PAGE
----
A ceasefire called cease fire, is a temporary stoppage of a war in which each side agrees with the other to suspend aggressive actions. Ceasefires may be declared as part of a formal treaty, but they have been called as part of an informal understanding between opposing forces. A ceasefire is more limited than a broader armistice, a formal agreement to end fighting. Successful ceasefires may be followed by armistices, by peace treaties. During World War I, on December 24, 1914, there was an unofficial ceasefire on the Western Front as France, the United Kingdom, Germany observed Christmas. There are accounts that claimed the unofficial ceasefire took place through the week leading to Christmas and British and German troops exchanged seasonal greetings and songs between their trenches, it was brief but spontaneous, beginning when German soldiers lit Christmas trees, it spread up and down the Western Front. One account described this development in the following words:It was good to see the human spirit prevailed amongst all sides at the front, the sharing and fraternity.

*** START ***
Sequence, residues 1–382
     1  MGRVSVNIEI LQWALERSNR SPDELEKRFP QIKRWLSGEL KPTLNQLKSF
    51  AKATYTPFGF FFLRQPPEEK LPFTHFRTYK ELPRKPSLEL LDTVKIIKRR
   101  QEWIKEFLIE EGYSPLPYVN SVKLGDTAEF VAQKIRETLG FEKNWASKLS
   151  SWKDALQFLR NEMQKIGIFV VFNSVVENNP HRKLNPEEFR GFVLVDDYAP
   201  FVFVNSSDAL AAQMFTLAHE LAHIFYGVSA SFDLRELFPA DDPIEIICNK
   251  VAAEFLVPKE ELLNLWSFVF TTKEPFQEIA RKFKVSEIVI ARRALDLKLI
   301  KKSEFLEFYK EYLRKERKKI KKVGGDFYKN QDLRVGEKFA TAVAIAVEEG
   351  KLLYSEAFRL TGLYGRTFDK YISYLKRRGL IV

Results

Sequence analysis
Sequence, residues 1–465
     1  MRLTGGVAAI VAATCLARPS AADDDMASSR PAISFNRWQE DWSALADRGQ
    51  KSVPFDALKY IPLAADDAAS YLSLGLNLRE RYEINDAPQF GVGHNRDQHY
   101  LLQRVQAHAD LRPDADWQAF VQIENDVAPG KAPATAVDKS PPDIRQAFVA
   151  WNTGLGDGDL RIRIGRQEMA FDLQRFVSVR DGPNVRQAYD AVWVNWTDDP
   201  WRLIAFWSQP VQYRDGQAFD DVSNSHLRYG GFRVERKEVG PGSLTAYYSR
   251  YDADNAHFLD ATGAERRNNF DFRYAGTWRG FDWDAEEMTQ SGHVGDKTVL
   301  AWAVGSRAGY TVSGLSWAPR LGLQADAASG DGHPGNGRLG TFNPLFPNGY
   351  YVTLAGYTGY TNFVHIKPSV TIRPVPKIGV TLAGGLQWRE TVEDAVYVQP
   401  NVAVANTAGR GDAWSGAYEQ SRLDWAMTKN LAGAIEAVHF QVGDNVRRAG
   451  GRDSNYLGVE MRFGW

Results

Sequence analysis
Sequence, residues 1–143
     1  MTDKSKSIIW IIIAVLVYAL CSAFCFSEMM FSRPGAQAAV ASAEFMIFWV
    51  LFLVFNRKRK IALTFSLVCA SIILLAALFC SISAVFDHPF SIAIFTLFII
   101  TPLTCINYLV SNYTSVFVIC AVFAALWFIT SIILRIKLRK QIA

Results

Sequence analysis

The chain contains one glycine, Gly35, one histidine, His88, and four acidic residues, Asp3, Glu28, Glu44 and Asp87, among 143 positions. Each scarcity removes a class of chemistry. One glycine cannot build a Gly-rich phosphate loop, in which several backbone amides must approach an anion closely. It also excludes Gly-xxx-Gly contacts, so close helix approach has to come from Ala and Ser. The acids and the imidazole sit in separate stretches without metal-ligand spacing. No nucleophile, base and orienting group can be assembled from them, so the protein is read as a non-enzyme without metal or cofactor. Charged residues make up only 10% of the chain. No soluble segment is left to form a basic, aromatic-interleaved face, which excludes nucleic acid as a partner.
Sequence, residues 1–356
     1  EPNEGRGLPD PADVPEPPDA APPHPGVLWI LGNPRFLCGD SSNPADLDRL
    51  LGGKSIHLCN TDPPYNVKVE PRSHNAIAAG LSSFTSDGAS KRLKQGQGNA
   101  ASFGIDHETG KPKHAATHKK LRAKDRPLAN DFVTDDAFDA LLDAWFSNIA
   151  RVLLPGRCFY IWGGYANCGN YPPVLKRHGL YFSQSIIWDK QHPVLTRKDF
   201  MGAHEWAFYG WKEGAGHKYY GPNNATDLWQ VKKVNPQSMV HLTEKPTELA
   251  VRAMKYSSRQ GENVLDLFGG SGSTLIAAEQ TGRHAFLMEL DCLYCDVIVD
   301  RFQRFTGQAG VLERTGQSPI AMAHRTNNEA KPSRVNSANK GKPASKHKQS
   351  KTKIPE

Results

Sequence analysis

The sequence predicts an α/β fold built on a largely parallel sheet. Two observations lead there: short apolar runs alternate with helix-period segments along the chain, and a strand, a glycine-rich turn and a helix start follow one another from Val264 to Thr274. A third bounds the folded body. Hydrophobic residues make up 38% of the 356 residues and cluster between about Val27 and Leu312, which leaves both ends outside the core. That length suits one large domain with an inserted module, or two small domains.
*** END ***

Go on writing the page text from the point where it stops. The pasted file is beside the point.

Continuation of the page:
All was well until the higher echelons of command got to hear about the effect of the ceasefire, whereby their wrath ensured a return to hostilities. There was the war resumed after a few days. On November 29, 1952, the newly U. S. president-elect Dwight D. Eisenhower, went to Korea to learn. With the United Nations' acceptance of India's proposed Korean War armistice, the Korean People's Army, the People's Volunteer Army, the UN Command ceased fire with the battle line at the 38th parallel. Upon agreeing to the ceasefire agreement, the belligerents established the Korean Demilitarized Zone, which has since been patrolled by the KPA and the joint ROKA, US, UN Command; the Korean Demilitarized Zone runs northeast of the 38th parallel. The old Korean capital city of Kaesong, site of the armistice negotiations lay in the pre-war ROK, but now is in the DPRK; the United Nations Command, the North Korean Korean People's Army, the Chinese People's Volunteer Army, signed the Armistice Agreement on July 27, 1953, to end the fighting.